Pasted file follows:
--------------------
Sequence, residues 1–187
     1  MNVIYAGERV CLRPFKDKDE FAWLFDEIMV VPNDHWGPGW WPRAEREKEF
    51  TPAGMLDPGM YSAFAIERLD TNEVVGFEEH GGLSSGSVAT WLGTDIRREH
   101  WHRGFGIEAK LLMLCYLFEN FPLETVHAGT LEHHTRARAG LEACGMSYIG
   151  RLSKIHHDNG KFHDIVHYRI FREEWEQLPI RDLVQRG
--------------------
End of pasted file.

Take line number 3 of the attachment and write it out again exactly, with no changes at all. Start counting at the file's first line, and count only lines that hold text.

    51  TPAGMLDPGM YSAFAIERLD TNEVVGFEEH GGLSSGSVAT WLGTDIRREH